Melbourne-bound passengers from Los Angeles have a number of lounges to choose from when flying Qantas, depending on status, class of travel or credit card. While there are other ways to gain access to the lounges we’ve listed below, we’ve only included the ones that may be most relevant for Australians flying to Melbourne from LA.

Qantas International Business Lounge, Los Angeles

The Qantas International Business Lounge is one of two Qantas lounges at LAX – and the guest list for this lounge is far broader than its counterpart. If you meet one of the criteria below, you’ll find yourself kicking back here before your flight:

  • Qantas Business Class passengers.
  • Qantas Gold frequent flyers.
  • oneworld Sapphire frequent flyers.
  • Qantas Club members and Qantas Club Annual Guest cards.

Do note that while this is a Qantas-operated lounge, Qantas single-entry complimentary lounge passes can’t be used here.

Qantas Los Angeles International First Lounge

Qantas operates only a handful of International First Lounges around the world, so eligible flyers are in for a treat when departing LAX on QF96. Here’s who makes the cut:

Of course, this lounge is also available for First Class passengers on Qantas flights that offer First Class.

American Airlines Flagship Lounge, Los Angeles

How to gain entry:

  • Qantas Business Class passengers.
  • Qantas Gold, Platinum, Platinum One and Chairman’s Lounge (+1 guest).
  • oneworld Sapphire and Emerald frequent flyers (+1 guest).

American Express Centurion Lounge, Los Angeles

The following Australian Charge Cards will grant you entry to the Amex Centurion Lounge in LA:

Note that you can’t use single-entry Centurion Lounge passes issued in Australia at this lounge.

Booking QF96 using points

With Qantas Points, it’s easier to fly from Los Angeles to Melbourne. Note that while QF96 will stop flying from 13 July 2024, and QF94 becomes the daily flight, there’s no difference in the amount of points required. The use of an Airbus A380 for QF94 allows for a First Class redemption, which we’ve included in the table below.

Here’s how many Qantas Points you’ll need to book a Classic Reward from Los Angeles to Melbourne.

EconomyPremium EconomyBusinessFirst*
Los Angeles to Melbourne41,90081,300108,400162,800
Qantas Points required are per person, one way. Taxes, fees and charges are also payable and vary by route.
*First is only available on flights operated by Qantas’ Airbus A380s.

If you’re struggling to find reward seats on this – or any – route, our Point Hacks Concierge service can help you redeem your frequent flyer points.

And if you’re looking for ways to give your Qantas Points balance a boost, check out the credit card offer below. One sign-up bonus could be all you need to fly from Los Angeles to Melbourne for less!

Also read: How to hack your way to Los Angeles with points

Alternative flights

At the time of writing, Qantas operates an additional flight on Thursdays and Saturdays from Los Angeles to Melbourne as QF94. This flight is on an A380 with the addition of a First Class cabin. From 14 July 2024, QF94 becomes the daily Qantas flight to Melbourne from LAX.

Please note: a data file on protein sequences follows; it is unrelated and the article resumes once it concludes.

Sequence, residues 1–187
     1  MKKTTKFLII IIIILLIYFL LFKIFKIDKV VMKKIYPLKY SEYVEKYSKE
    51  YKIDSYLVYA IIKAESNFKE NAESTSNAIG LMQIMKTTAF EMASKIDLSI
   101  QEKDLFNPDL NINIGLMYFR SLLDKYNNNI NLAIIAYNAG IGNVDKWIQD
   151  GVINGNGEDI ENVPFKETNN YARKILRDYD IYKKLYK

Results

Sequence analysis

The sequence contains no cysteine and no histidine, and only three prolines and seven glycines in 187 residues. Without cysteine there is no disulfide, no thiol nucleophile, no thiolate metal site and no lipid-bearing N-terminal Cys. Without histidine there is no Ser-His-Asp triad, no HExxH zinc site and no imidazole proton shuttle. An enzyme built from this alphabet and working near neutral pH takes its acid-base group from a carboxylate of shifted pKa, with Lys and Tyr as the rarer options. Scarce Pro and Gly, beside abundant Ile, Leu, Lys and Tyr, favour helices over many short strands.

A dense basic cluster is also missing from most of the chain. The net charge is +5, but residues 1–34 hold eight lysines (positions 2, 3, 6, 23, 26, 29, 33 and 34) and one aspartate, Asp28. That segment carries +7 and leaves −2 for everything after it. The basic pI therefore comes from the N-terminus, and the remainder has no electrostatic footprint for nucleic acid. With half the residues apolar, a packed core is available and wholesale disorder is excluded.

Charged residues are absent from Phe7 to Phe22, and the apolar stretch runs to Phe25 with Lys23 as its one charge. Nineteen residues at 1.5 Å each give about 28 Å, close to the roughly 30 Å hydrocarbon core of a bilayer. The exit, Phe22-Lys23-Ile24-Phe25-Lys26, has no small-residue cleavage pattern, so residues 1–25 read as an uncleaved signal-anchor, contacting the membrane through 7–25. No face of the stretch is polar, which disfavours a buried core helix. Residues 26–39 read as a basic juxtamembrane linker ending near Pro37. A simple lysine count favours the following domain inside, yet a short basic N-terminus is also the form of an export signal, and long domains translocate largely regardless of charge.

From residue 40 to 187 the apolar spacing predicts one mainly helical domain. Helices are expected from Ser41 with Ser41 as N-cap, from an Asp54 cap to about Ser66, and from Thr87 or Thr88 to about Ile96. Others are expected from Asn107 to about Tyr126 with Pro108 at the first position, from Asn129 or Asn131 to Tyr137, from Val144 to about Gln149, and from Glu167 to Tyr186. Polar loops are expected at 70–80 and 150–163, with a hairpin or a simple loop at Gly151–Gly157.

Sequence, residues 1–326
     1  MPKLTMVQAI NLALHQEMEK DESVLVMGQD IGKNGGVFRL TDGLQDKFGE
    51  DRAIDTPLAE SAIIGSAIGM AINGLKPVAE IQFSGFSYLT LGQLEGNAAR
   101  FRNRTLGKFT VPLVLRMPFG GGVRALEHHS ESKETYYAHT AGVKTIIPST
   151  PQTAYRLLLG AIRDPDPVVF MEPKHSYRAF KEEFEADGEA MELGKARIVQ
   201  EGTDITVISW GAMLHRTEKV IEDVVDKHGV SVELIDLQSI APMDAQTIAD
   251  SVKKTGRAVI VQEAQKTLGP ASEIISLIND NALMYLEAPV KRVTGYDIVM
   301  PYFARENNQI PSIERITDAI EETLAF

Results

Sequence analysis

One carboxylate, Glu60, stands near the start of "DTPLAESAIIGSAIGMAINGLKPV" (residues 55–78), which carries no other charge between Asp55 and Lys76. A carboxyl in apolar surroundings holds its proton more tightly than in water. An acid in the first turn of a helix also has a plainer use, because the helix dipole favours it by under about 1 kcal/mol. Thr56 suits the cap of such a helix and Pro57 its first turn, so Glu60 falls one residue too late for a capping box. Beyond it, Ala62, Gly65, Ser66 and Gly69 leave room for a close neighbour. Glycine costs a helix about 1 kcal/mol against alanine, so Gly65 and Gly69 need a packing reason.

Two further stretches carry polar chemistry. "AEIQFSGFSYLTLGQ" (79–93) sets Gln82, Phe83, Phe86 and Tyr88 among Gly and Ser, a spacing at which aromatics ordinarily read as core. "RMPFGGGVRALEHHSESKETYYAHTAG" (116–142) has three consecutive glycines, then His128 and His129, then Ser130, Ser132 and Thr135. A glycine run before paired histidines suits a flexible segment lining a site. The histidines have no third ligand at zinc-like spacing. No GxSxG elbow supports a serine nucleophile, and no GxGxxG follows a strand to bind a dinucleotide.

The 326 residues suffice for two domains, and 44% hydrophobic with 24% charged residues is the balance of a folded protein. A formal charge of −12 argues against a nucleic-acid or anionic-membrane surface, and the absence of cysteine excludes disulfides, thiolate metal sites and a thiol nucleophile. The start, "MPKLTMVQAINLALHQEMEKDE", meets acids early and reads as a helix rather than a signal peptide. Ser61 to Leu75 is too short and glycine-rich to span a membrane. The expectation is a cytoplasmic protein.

If your journey takes you elsewhere in North America or Australia, here are some other Qantas-operated routes to consider:

  • Qantas flight QF4 – New York to Sydney (via Auckland)
  • Qantas flight QF8 – Dallas Fort Worth to Sydney
  • Qantas flight QF12 – Los Angeles to Sydney
  • Qantas flight QF16 – Los Angeles to Brisbane
  • Qantas flight QF18 – Los Angeles to Sydney
  • Qantas flight QF22 – Dallas Fort Worth to Melbourne
  • Qantas flight QF74 – San Francisco to Sydney
  • Qantas flight QF76 – Vancouver to Sydney

Alternatively, American Airlines flights are bookable using Qantas Points. There’s just one flight from Los Angeles to Sydney operating as AA73, though this is scheduled daily. There’s no difference in the number of Qantas Points you’ll need to fly from LAX to Sydney with American Airlines.

In the opposite direction, look for flights QF93, Qantas’ direct daily service from Melbourne to LAX. Our guide covers what to expect on QF93. An additional seasonal flight also runs on the same route with flight number QF95.

Featured image: Urlaubstracker, Unsplash


What aircraft is QF96?

QF96 is serviced by a Boeing 787 with three cabin classes available.

What time does QF96 depart Los Angeles?

Qantas flight QF96 has a scheduled departure time of 9:20 pm daily.

Does QF96 have First Class?

No, QF96 uses a Boeing 787 with only Economy, Premium Economy and Business Class cabins. Flight QF94 uses an Airbus A380 that offers First Class.

How often does QF96 fly?

QF96 is Qantas’ daily service from Los Angeles (LAX) to Melbourne (Tullamarine) until 13 July 2024. From 14 July 2024, QF94 will become Qantas’ daily flight to Melbourne from LA.

Qantas Flight QF96 Los Angeles – Melbourne was last modified: January 23rd, 2024 by Victoria Kyriakopoulos